My preoccupation is with the Garden of Eden, its metaphors for beauty and richness, and its intimations of lost innocence. My choice of, and approach to this subject matter reflects the vanitas style, meant as a reminder of the transience of life, the futility of pleasure, and the certainty of death. My work studies how these ideas provide a moral justification for the painting of attractive objects. As in other genre painting, the enjoyment evoked by the sensuous painting of the subject (still-life and flowers) is in fascinating contrast to the moralistic message.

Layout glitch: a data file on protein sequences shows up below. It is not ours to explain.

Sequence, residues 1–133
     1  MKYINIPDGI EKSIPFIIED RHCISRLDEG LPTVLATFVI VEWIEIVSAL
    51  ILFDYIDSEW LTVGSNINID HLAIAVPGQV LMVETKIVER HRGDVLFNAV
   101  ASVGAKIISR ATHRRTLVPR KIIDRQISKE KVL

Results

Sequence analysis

I look at the objects I paint as being vehicles of light, form and colour as well as symbolic content. Flowers have a particular attraction for me as through their life cycle they assume postures which mirror those of people, expressing the same characteristics of strength and vulnerability.
My influences are the Canadian painter Mary Pratt, American realists Harriet Shorr and Janet Fish, and British painters Shirley Trevena and David Hockney.